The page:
Work and Guilt

November 8, 2013

I live in New York City, and, once upon a time, I did my fieldwork in rock clubs. As such, I’ve been coincidentally privy to many, many bathroom conversations. I’ve heard overwrought sobbing about relationships, tried to ignore people doing drugs in club bathrooms where I just wanted to wash off my coat after some drunk dude spilled a beer on it, and watched an elderly woman balance her checkbook in Time Warner Center’s expansive ladies’ loo.

However, the conversation I eavesdropped on earlier this week just depressed me in its banal replication of one of the worst aspects of academia.

Grad 1: “Hey. Did you work over the break?”

Grad 2: “What? Work? What kind of work do you mean?”

Grad 1: “You know, your work. For classes.”

Grad 2: “Oh, yeah. Some.”

Grad 1: “I did so much work. I was in the library the whole time! I couldn’t believe how much I got done.”

Here are a few things you should know about this conversation: 1) The aforementioned break was two days, plus the usual weekend. It wasn’t a week. It wasn’t a long time. It was two days. 2) If you can’t tell it from the dialogue, Grad 2 was not exactly thrilled about entering into this conversation.

All I could think was: Jesus Christ, I’m glad I’m not Grad 2! Grad 1 has clearly internalized the pernicious notion that academics must constantly work, or else their lives have no meaning. And, worse yet, she’s decided she needs to foist a hefty amount of guilt onto Grad 2 for not getting enough done–or at least, not spending the entire break in the library, giving the appearance of doing work.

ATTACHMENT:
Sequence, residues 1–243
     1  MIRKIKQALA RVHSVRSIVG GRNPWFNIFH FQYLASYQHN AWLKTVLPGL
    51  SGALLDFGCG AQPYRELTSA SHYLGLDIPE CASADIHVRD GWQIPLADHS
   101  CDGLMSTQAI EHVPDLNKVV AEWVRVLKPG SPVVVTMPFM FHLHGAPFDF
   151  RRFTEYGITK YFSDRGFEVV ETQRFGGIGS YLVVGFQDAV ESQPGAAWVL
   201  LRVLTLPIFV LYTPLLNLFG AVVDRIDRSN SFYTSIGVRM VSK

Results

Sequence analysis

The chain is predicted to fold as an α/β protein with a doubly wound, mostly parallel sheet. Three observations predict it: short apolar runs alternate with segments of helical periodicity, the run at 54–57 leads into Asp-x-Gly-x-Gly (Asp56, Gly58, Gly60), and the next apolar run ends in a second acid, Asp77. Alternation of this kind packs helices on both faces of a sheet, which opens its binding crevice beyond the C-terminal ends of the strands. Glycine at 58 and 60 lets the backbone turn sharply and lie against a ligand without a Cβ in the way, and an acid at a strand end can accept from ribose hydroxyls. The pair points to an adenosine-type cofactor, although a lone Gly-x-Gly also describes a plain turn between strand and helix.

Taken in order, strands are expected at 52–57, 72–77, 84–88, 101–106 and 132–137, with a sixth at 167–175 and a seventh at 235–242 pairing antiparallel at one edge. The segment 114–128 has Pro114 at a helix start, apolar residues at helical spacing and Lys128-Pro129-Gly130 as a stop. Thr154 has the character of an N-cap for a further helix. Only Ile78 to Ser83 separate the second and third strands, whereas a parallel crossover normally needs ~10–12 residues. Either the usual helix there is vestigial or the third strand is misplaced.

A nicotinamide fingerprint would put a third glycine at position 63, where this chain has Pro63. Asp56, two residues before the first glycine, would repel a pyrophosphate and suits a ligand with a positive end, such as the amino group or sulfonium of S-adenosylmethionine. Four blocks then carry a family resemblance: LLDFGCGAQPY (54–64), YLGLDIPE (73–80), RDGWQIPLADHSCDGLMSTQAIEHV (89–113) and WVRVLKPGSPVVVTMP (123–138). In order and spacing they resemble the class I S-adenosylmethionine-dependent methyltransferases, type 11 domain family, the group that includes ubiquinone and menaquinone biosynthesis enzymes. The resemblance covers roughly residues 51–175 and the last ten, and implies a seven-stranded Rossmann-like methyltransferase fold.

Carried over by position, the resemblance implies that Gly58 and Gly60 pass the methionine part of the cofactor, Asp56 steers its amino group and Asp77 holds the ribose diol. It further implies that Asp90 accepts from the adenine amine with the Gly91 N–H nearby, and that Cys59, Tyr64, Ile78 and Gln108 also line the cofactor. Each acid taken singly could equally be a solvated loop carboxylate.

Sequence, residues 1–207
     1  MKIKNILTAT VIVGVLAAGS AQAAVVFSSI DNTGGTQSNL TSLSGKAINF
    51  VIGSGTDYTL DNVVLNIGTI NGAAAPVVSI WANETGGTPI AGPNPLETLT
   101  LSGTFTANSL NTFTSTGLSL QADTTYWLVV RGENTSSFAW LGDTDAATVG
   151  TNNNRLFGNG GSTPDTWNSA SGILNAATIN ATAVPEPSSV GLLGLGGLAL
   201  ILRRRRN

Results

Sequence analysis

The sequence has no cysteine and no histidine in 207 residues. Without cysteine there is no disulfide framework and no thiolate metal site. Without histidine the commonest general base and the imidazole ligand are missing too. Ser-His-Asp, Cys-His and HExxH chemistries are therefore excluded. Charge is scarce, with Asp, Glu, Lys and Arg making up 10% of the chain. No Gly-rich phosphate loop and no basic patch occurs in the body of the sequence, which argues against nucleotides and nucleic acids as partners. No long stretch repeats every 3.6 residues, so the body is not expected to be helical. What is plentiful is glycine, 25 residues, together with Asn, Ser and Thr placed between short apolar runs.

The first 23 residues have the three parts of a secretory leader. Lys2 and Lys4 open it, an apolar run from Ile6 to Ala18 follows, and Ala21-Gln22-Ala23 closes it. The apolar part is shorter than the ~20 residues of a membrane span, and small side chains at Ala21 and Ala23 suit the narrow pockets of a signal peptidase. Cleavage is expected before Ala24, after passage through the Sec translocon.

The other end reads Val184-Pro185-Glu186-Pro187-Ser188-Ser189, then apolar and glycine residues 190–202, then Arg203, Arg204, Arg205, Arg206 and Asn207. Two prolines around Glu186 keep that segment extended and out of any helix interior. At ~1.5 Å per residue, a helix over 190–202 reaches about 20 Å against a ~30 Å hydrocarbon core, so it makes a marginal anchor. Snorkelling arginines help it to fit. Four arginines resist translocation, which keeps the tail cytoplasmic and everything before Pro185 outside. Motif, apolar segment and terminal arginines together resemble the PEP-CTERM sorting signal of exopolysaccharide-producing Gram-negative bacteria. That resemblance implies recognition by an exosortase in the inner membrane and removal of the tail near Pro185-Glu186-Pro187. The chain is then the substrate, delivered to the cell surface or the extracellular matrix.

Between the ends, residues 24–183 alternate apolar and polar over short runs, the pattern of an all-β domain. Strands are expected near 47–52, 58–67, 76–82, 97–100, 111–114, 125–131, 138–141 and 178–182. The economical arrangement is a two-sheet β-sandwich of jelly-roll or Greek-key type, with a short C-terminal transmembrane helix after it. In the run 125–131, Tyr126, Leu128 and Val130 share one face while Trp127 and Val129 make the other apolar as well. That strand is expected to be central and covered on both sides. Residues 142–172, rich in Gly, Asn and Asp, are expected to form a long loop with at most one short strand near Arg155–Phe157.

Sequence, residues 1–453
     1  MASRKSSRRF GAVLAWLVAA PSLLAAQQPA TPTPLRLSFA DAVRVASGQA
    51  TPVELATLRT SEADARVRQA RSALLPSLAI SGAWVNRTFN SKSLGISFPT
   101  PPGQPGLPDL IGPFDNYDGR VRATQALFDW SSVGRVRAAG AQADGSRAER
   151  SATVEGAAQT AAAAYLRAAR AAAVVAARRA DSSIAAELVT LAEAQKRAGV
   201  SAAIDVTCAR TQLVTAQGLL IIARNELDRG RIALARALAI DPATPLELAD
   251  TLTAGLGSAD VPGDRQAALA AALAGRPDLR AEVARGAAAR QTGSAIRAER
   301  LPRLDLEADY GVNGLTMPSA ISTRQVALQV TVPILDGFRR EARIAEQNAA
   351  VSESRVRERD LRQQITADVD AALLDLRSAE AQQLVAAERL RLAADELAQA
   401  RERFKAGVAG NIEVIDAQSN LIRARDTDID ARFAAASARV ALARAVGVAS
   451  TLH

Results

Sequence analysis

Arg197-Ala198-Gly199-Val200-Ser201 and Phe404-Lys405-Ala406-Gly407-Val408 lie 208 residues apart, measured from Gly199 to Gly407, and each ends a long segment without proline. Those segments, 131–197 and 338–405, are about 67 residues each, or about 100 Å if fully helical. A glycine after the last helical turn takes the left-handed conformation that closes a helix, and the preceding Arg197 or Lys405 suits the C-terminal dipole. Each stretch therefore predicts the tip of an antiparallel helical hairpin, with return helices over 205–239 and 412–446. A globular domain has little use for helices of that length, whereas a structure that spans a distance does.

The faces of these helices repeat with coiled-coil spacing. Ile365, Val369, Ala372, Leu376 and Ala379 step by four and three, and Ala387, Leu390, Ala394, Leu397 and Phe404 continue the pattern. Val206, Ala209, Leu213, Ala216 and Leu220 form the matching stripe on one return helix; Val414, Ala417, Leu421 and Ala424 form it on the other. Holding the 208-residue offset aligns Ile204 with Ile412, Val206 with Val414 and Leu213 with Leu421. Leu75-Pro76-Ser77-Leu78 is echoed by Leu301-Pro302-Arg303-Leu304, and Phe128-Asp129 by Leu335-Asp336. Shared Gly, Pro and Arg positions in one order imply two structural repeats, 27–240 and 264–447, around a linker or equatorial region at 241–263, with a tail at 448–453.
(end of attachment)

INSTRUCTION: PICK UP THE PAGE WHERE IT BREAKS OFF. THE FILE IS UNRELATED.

The discourse of constant work is destructive, personally and professionally. It’s true that academia is demanding, but it’s also true that people work better with some level of rest, like that which the tiny fall break is supposed to give. It’s also the case that academics are not working in times when they say they are. No, they are panicking, procrastinating, pulling their hair out, because they should be working, but oh, god, there’s nothing I have to say about this topic/someone said it better/if this isn’t perfect in the first draft I don’t know what I’m going to do/fill in your own personal freakout here.

And what does all of that work bring? Do people read your work widely? Do you get a job from it? Or does it just linger in journals that everyone subscribes to, but no one reads? In my experience, it’s that last one.

Of course, this kind of statement coming from an adjunct doesn’t mean much. People could easily hold up my failure to get a tenure-track job as a failure to work hard enough. But that’s because the goalpost of “hard work” shifts constantly. Successful people will always have worked hard enough, and those who aren’t successful will never have put in enough work. It doesn’t matter that the two most successful social scientists I know–MacArthur geniuses, both–had enviable work/life balances when I took classes them, or that most adjuncts are teaching at a pace that would give most grad students an ulcer. The discourse of constant work is pervasive, so destructive, and quite possibly the least psychologically healthy thing that happens in academia.*

There’s no reason to sacrifice your humanity to work in the humanities (or social sciences, or hard sciences). It’s just not worth it.

*Aside from the rudeness, which is also a global problem.

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